6 Common Social Security Misconceptions Debunked

Established via the passage of the Social Security Act in 1935, the United States’ Old-Age, Survivors, and Disability Insurance (OASDI) program — more commonly known as the Social Security program — is set to turn 90 years old in 2025. The federal program is designed to protect Americans from losing all their earnings, and thereby suffering a substantial loss in quality of life, as a result of retirement, disability or (for participants’ family members) the death of a household income provider.

To spotlight this valuable resource and its importance to tens of millions of Americans, each April serves as National Social Security Month, a monthlong observance geared toward educating people about the Social Security program and the services it offers. So here at Arthur State Bank, we’re taking the opportunity this April to set the record straight about a few widely held misconceptions regarding the U.S. Social Security program.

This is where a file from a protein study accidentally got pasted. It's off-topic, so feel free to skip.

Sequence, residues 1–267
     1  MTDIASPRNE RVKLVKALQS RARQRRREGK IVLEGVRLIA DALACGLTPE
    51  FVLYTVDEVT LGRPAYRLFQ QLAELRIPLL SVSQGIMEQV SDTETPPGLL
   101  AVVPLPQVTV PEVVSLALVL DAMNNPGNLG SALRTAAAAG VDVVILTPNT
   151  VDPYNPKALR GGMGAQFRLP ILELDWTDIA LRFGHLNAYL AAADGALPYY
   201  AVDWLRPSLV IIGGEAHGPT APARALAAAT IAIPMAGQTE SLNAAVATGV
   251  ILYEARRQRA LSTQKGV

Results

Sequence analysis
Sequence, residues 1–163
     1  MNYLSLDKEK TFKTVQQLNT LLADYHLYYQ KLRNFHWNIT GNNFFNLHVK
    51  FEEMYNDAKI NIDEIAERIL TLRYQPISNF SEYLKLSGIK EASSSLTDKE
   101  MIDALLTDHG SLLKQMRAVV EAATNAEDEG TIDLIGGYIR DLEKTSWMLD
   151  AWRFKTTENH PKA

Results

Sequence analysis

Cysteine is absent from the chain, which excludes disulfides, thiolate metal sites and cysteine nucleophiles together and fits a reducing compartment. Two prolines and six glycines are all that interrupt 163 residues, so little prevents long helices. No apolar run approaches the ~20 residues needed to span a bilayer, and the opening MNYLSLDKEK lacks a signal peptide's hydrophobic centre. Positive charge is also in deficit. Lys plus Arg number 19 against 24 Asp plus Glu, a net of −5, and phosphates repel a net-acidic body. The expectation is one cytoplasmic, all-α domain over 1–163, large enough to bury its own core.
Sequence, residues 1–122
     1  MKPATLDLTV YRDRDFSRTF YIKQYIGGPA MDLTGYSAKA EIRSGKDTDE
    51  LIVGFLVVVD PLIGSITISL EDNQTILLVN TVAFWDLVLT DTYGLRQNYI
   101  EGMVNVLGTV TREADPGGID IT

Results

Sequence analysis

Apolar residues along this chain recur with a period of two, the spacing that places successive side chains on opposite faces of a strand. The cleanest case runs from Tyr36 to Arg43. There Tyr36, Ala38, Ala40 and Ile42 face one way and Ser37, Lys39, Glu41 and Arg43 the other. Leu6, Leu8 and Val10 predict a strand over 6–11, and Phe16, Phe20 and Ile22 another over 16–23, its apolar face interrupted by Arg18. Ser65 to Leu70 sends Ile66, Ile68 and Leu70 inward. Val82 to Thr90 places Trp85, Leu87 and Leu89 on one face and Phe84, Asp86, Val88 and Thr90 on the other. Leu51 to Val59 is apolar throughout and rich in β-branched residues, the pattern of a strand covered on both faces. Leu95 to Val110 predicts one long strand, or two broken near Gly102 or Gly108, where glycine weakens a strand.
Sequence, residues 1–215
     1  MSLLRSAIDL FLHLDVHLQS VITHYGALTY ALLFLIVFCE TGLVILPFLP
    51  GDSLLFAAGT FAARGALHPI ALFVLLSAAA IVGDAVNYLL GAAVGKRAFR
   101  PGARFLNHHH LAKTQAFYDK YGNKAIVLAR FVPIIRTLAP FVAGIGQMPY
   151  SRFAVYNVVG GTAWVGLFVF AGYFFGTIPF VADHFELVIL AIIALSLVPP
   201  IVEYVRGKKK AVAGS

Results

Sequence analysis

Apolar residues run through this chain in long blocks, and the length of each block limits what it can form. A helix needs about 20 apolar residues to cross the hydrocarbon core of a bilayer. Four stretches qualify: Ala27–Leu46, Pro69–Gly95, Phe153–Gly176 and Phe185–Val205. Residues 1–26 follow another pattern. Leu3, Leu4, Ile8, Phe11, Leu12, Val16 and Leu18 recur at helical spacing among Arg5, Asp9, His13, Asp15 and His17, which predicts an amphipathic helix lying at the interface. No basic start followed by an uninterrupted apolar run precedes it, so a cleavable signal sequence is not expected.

6 myths about Social Security — debunked

According to a 2023 AARP study, more than 95% of American adults consider Social Security an important government program, and more than 70% rank it among the most critical government programs. But despite the program’s widespread popularity, a number of long-believed Social Security myths persist.

To elevate your understanding of Social Security, read on to get the truth about six of these common misbeliefs:

  • Myth No. 1: The retirement age for receiving full Social Security benefits is 65.
    The facts: The age at which a worker can retire and receive 100% of his or her Social Security benefits — also known as full retirement age (or FRA) — varies by birth year. For those born in 1958, who will start to hit full retirement age in 2024, it is currently set at 66 years and eight months. From there, the FRA grows by two months per year until it reaches age 67 for those born in 1960 or later.
  • Myth No. 2: The program is going broke.
    The facts: The Social Security program will continue to have funding for as long as payroll taxes are collected from American workers and employers. With its revenue generated via FICA (Federal Insurance Contributions Act) and SECA (Self-Employed Contributions Act) taxes, the program is funded using a pay-as-you-go system, and the taxes currently being collected largely cover the benefits currently being distributed.